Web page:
What would happen if we looked at the spiritual picture of millennial America through a lens less of function or form but of power, understood historically?
Without any dogmatic adherence to the collection of conspiracies, QAnon followers often choose which of the individual narratives to follow within the larger collection, a build-your-own history.
The Gaddis I like best to think of is a God-haunted aristocrat. Thrown pearl-clutching into a fallen world, he gathers himself and understands it as his task to recognize what instances of the eternal still obtain, among things melted into air.
What began in 1947 as a largely hopeful movement defined by wonder, openness, and concern for mankind, plunged into the paranoia-fueled mire that skeptics had always assumed the UFO movement to be.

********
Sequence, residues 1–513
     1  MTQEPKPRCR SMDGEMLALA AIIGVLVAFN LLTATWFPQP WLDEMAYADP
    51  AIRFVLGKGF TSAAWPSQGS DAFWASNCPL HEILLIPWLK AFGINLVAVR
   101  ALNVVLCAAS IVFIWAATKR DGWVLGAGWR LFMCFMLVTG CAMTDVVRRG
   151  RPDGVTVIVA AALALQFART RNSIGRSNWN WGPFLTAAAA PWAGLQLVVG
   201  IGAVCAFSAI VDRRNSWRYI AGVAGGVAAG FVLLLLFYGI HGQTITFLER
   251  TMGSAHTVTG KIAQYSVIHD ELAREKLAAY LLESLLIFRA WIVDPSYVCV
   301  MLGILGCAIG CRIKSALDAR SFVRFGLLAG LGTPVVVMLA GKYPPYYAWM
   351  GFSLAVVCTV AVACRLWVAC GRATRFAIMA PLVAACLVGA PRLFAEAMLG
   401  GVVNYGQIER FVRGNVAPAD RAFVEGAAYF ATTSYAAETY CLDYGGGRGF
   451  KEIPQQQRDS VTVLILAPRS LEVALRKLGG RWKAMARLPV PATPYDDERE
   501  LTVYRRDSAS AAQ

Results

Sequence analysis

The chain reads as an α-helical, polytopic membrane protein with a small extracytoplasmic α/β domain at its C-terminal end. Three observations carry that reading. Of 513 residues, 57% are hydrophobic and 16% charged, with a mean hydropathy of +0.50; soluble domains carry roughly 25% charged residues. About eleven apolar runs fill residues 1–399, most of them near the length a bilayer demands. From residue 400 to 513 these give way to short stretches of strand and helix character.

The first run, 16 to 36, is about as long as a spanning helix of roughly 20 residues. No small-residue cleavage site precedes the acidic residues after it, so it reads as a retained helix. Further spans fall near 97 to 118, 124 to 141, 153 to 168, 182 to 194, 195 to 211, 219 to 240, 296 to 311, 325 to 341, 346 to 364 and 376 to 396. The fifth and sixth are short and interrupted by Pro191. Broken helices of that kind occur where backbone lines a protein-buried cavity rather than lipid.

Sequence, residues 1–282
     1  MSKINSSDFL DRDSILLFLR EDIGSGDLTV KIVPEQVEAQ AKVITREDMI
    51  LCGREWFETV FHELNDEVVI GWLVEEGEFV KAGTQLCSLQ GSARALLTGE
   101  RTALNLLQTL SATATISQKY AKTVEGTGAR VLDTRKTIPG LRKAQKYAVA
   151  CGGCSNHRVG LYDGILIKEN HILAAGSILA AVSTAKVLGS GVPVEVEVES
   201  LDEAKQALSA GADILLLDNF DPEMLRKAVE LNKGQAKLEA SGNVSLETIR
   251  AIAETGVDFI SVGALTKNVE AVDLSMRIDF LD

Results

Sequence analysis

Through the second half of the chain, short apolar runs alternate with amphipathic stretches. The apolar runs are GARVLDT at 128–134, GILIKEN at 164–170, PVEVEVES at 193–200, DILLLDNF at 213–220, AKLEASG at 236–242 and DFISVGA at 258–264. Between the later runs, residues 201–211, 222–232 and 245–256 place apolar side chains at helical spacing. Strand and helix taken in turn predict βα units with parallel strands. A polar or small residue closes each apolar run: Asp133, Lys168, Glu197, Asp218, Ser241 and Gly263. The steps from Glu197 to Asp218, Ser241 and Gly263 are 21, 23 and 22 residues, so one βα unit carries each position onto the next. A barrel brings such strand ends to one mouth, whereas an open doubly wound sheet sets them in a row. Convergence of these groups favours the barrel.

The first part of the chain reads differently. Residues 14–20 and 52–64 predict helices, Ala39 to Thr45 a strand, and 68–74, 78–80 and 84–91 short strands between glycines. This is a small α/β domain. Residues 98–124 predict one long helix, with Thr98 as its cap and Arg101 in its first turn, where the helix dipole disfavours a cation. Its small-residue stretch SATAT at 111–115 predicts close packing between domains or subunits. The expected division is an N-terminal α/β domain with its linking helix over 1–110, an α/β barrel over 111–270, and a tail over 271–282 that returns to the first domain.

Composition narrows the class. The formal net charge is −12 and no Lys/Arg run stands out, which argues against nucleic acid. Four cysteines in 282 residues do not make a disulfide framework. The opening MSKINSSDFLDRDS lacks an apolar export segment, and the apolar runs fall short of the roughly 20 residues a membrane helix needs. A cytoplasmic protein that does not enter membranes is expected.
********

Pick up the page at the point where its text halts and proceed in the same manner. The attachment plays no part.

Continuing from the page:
Only now, fifty years after the formal end of the Brutalist movement, does it appear in the timeline of world architecture not so much as a steppingstone but as a stumbling block.
If Walter Benjamin’s angel of history moved backwards, observing society’s wreckage but blind to its progress, the many avatars of Joe’s wandering generation — booted boys in Cuba, beatnik wanderers like Joe — saw the whole world blurry, victims of their own velocity.